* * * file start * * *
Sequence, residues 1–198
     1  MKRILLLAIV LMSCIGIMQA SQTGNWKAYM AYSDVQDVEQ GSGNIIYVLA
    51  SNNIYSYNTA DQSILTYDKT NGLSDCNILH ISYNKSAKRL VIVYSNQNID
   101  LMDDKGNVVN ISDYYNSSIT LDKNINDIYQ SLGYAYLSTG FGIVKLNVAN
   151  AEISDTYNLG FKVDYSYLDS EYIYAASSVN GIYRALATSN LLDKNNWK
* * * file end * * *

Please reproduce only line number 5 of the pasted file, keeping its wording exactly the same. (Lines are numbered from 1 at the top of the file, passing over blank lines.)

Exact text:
   151  AEISDTYNLG FKVDYSYLDS EYIYAASSVN GIYRALATSN LLDKNNWK